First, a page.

Chief Peter Sloly has only been with the OPS for one year. He was turned down for the top job in Toronto in 2016 and had applied and was turned down once before for the top job in Ottawa. His temperament, performance and competency on the job continue to raise valid concerns with minority groups and members of the community. Carleton University criminologist Darryl Davies says that Sloly is over his head and is not the right person to be making the massive changes that are required to deal with the rampant misconduct in the Ottawa Police Service. The problem is further exacerbated by a double-edged sword,says Davies. "First, the Ontario government has failed to bring in legislation to amend the Police Services Act of Ontario so that police officers can be suspended without pay and fired by chiefs of police whenever they are found guilty of discreditable conduct or a crime under the Criminal Code of Canada, Second, the abysmal failure of the Mayor, city councillors and members of the Ottawa Police Services Board to denounce police misconduct in this city is beyond comprehension. The city council has never brought a motion forward to investigate the over $20 million spent by the OPSB in victim’s settlement, lawyer’s fees, and salaries for police on suspension for criminality".

Despite the rapes, misogyny, and deplorable misconduct by many officers, OPSB Chair and Ottawa City Councillor Diane Deans remains the cheerleader-in-chief for Sloly and the OPS,regularly singing their praises and justifying their decisions that have only served to protect misogynists and rapists with a badge. Deans has not made a public statement on the alleged rape of an OPS constable or explained why she had to go outside the OPS and OPSB processes to be heard. Deans has also not commented on complaints by a twenty-year officer with a flawless record who says he was punished by Sloly when he complained about sexual harassment against his wife, who is also an OPS employee. That matter is now under investigation by the OCPC. Deans,hides behind the overused and abused line, “I can’t comment, it’s under investigation”. 

Davies says that Deans does not seem to understand the difference between operational independence and operational accountability. “She seems to think that because police decided to take action that they can’t be questioned on it. This is very problematic coming from someone charged with ensuring accountability. It appears that she seems to think she reports to Sloly rather than the reverse. It is also troubling that Sloly has met privately with OPSB members to scold them for bringing up things at OPSB meetings that he does not agree with", says Davies. “Sloly is proving to be a major disappointment and I’m sure many are questioning his hiring one year later".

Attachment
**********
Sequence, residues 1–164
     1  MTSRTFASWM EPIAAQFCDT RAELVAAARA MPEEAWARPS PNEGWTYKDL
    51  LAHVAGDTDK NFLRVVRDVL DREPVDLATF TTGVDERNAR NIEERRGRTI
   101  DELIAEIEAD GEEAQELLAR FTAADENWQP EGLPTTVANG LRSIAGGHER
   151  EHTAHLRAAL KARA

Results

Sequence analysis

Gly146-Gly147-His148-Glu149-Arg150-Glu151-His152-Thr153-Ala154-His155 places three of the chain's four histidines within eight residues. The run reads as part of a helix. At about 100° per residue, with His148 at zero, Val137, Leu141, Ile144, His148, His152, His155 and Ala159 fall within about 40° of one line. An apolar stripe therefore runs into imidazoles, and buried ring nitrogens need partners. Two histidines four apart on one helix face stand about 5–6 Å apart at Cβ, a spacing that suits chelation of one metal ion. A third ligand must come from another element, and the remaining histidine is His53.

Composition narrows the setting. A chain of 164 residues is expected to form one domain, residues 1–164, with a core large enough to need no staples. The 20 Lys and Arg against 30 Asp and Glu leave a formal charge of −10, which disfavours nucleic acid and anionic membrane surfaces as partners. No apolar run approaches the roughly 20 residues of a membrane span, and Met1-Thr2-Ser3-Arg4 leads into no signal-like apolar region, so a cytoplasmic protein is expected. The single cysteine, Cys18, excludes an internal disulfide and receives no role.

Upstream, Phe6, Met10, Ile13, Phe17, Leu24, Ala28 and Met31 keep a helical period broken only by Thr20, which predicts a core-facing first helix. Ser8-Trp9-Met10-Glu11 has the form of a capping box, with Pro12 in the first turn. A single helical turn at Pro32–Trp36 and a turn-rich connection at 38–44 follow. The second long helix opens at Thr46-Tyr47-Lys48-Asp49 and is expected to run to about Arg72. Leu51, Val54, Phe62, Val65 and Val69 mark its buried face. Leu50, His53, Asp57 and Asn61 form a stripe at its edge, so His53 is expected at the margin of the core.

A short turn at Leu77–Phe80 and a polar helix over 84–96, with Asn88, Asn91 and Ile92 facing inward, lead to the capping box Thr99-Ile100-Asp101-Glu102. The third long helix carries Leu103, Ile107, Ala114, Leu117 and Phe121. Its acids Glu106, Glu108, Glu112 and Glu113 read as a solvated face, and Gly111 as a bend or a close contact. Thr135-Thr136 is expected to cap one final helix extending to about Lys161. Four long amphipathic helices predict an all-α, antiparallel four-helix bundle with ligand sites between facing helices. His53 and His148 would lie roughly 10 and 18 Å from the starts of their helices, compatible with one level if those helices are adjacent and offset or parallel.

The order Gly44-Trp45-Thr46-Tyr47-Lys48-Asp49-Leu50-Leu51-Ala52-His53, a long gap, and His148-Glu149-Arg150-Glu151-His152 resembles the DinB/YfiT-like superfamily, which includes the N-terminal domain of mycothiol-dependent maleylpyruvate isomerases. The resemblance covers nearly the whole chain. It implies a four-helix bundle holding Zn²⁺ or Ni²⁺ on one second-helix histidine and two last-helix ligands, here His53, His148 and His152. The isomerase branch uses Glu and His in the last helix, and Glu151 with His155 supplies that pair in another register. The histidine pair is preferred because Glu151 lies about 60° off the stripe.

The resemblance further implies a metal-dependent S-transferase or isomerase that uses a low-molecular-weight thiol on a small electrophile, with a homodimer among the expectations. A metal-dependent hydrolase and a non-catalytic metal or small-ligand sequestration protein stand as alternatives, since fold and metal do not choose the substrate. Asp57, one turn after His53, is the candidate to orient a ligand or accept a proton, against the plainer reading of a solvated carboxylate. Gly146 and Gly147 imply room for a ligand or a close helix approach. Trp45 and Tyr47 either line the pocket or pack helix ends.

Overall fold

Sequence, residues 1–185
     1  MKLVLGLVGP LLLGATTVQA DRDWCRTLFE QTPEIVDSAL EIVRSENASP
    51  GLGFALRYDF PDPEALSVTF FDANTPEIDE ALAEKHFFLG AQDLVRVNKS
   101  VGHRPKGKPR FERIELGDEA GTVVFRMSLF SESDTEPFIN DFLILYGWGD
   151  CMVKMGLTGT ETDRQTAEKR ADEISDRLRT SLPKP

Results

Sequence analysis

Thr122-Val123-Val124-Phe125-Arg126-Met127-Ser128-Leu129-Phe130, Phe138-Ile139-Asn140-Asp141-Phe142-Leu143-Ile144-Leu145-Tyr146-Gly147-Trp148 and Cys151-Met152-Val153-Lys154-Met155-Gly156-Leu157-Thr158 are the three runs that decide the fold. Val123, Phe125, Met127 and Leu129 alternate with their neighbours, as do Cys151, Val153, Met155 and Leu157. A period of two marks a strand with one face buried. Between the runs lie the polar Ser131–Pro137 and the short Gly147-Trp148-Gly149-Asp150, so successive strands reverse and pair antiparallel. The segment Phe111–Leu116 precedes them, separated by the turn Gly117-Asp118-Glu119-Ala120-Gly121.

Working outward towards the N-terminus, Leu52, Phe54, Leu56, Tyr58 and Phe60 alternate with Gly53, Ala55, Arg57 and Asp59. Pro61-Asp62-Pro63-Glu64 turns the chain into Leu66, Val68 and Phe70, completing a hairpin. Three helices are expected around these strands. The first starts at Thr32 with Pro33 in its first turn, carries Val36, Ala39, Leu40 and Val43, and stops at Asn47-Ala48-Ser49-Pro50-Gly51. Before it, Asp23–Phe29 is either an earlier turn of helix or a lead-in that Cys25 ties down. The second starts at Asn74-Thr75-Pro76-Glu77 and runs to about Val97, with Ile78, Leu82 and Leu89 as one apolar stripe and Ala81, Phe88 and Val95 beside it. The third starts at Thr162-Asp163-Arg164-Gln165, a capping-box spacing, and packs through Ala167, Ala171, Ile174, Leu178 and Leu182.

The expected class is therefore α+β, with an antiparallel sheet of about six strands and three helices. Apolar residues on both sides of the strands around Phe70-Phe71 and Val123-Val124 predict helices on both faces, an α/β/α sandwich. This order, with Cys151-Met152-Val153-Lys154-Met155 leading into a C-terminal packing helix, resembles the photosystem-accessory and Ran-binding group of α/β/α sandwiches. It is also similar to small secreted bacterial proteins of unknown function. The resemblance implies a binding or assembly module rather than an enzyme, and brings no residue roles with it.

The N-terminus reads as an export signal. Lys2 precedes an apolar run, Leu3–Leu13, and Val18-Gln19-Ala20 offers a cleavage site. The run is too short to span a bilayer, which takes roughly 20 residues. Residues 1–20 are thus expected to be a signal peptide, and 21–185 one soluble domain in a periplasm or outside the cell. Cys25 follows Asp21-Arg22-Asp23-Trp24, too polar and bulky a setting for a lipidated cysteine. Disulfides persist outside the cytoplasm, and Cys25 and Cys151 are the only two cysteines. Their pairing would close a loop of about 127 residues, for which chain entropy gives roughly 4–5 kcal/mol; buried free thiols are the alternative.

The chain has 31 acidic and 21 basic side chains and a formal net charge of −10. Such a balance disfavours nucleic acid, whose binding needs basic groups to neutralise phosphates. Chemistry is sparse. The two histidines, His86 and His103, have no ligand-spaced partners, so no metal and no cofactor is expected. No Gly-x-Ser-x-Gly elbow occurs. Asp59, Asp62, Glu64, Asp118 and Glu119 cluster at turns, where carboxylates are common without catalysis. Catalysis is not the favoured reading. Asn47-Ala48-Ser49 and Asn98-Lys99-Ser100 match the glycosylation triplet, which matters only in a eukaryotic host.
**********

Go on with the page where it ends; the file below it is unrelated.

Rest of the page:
The Ottawa police service currently has between 13 and 15 full time OPS officers suspended with full pay for a variety of criminal charges on everything from alleged rape, assault, sexual assault, fraud, theft and driving under the influence. The pay, pension and benefits to the suspended officers are costing city taxpayers more than $3 million. Davies says that, “It is shocking fact that the OPSB has silently paid out tens of millions of dollars of taxpayer’s money to victims of police misconduct and their lawyers for their legal fees over the past decade. Despite this misconduct and abuse of taxpayer money to pay for it, neither the Mayor, councillors or the members of the police services board have said or done anything to demand accountability. Before approving an increase in the police budget, councillors should have required the Ottawa Police Service to first get their house in order with a specific list of things to report back on before they got new money."  Davies says that,"Council should have demanded an independent audit of the OPS budget for the past 5 years to uncover who was paid what and why, and for what offence by which OPS member. They should also ascertain what the consequences, if any, were for the police who committed the offences.The councillors who approved the increase in the police budget to the tune of $13 million for 2021 and permission to hire 31 new officers should have said no to any increase or new hires and demanded an independent audit of the OPS budget for the past decade to determine the actual real amount of taxpayers money 'down to every penny' that the the OPSB have spent to cover up misconduct and pay victims and their lawyers and related costs". An independent audit is one way to track money paid out to victims and their lawyers that have not been fully disclosed to the  public.It would also show how many millions of taxpayers dollars have been shelled out for suspended police.